Which Type of Wedding Ring Metal Should You Choose?

Ring Metals

PHOTO BY STEPHANIA CAMPOS 

The wedding band is a symbol of love and commitment, and selecting the perfect ring can make some couples feel the pressure. While there are a lot of components to consider, one of the biggest is choosing the ring metal that's right for you and your lifestyle. We’ve enlisted jewelry pro Zachary Elliott, owner of Zachary's Jewelry, to break down the most popular metals.

Meet the Expert

Zachary Elliott is the owner of Indianapolis-based Etsy shop Zachary's Jewelry, which specializes in vintage and antique jewelry.

From gold to palladium, platinum to titanium, tungsten to sterling silver, there’s a metal for everyone (and their budget!) when it comes to saying “I do” to your band.

Gold

Gold is the most common and classic choice for wedding and engagement rings—and for good reason. From white gold to yellow to rose gold, this metal provides you with many options. While it’s considered the mecca of luxury, select it with caution: You might think the higher karat (not be confused with a diamond’s carat) the better, but when it comes to the longevity of your ring, that's not necessarily the case.

“Twenty four-karat (pure gold) is so soft that it can easily be scratched or bent, and jewels can easily fall out,” Elliott says. “In order to make a ring that is stronger, anything under 24K is always an alloy with other metals, such as copper, silver, or platinum. Of the four most common gold purity levels, 10k is the most durable, though it also has the lowest gold content.” If selecting white gold, keep in mind that it will need to be rhodium plated at least once a year to keep its bright color.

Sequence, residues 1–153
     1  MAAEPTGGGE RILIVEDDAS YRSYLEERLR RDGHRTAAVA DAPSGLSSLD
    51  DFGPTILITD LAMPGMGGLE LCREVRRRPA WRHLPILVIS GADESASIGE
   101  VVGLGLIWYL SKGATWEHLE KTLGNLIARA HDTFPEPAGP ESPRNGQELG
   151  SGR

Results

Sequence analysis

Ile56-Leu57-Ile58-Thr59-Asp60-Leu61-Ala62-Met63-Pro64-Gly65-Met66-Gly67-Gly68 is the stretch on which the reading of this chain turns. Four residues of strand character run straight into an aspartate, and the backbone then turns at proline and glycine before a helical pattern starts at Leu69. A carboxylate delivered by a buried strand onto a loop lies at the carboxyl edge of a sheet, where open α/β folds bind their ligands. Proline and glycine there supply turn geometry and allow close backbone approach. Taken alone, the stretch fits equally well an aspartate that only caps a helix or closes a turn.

Consider your lifestyle before choosing a higher gold purity — if you work with your hands or are generally more concerned about the lifespan of your ring, opt for no more than 14-18 karats.

Platinum

Known to be one of the rarest metals in the world, platinum is not only a luxe choice, but it’s also one of the strongest precious metals. In fact, white gold was created when platinum jewelry was taken off the market in order to conserve the metal for war supplies. “Platinum is a great option and will hold precious stones in place securely for a lifetime,” says Elliott. “This is why prongs are made out of platinum in rings that are made of less durable metals, like white gold. This is because platinum is able to handle scratches and wear and tear more.”

While it’s one of the most expensive metal choices, the longevity of its wear makes it worth the high cost. Platinum bands rarely get damaged in everyday life and the metal retains its color, meaning you won’t need to replate it nor will its shine fade over time. If you come across some scratches or tarnishes, your jeweler can polish them right out.

Palladium 

Love the look of platinum but not the price tag? Palladium is similar and also features a white hue and shiny finish. While it’s not quite as durable, it’s pretty close and still ideal for anyone with an active lifestyle who wants that mirror-like finish. Extra bonus? It’s lightweight, comfortable, and hypoallergenic. The downside is it does show scratches and can be tricky to resize, which might cause problems down the line for someone looking to wear it for a lifetime.

Sterling Silver